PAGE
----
Address by Mr Bantu Holomisa, MP in the Parliamentary Debate: Budget Vote 12 Public Service and Administration (22 May 2013)
Chairperson, Honourable Minister and Deputy Minister and Honourable Members,
The UDM supports Budget Vote 12.
We have noted the concerns of the public about the low levels of competence in our civil service and are encouraged by the Minister’s attempts to address this problem and thus professionalise the civil service.
We have also noted government threats that it is going to deal decisively with civil servants who are not doing their jobs.
We hope the Minister will make use of the powers given to her by the Public Service Act to turnaround public administration. In this regard, the Public Service Commission has an important role to play in ensuring that this professionalisation happens and that suitably qualified people are appointed.
For some time now civil servants have been appointed into positions without regard for their competence and suitability for the jobs. These people then often use government departments as employment agencies for their ethnic groups. For example, it is not uncommon to find that when Ministers are Xhosa they turn their departments into Xhosa land and when they are Indian Ministers they turn their departments into an Indian Ocean, and so on.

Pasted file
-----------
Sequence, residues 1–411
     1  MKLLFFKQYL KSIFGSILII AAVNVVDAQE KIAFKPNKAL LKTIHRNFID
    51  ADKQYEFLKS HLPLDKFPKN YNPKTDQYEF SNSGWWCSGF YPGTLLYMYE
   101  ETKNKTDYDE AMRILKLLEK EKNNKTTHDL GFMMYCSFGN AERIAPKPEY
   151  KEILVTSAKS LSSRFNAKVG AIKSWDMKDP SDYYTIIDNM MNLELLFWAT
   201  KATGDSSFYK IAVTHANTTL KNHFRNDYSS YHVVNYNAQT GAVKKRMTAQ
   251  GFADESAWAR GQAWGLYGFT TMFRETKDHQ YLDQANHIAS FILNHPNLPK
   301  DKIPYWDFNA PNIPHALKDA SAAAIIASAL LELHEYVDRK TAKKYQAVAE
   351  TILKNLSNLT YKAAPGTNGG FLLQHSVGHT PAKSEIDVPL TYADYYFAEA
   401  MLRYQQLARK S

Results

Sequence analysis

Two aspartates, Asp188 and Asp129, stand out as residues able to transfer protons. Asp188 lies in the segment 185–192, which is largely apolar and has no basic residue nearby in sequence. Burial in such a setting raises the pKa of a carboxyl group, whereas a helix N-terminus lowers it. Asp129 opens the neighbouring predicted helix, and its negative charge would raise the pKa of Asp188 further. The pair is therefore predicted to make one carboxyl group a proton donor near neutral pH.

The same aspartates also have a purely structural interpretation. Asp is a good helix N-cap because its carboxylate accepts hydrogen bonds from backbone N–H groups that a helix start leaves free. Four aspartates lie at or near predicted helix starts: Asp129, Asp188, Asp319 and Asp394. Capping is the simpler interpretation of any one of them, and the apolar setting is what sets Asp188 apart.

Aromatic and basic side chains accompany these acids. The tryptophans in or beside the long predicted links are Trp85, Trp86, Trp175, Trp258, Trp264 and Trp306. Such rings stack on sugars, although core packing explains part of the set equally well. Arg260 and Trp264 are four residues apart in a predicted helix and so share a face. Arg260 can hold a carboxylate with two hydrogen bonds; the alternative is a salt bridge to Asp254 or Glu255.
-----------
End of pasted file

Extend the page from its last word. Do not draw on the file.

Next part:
It is also common in the current government to appoint people who have not made it into the National Assembly list as advisers to state departments, even though they might be clueless about their work.
To address this problem, the office of the President together with the Public Service Commission should ensure that Ministers do not have the final say on who becomes their Directors General and advisers. This is important if we are to win the fight against nepotism and corruption.
In addition, the appointment of inappropriately qualified people discourages many who regard civil service as a career. I have come across many senior officials who lack the requisite knowledge, training and experience to run departments. Often these officials have not even undergone basic training in Induction Courses, Supervision and Management, Accounting as well as Human Resources Management.
To address this problem, the Minister has to, among other things, invest in the development of suitably qualified Work Study Officers for all departments. Such a step would boost employee morale as Work Study Officers would have pertinent insight in employee performance and departmental structural issues and would also play an important role during salary negotiations.
Finally, the Minister would have failed in her duties if she does not restore the powers of Directors General as accounting officers.
We have seen how political directives have created mayhem in the entire tender system.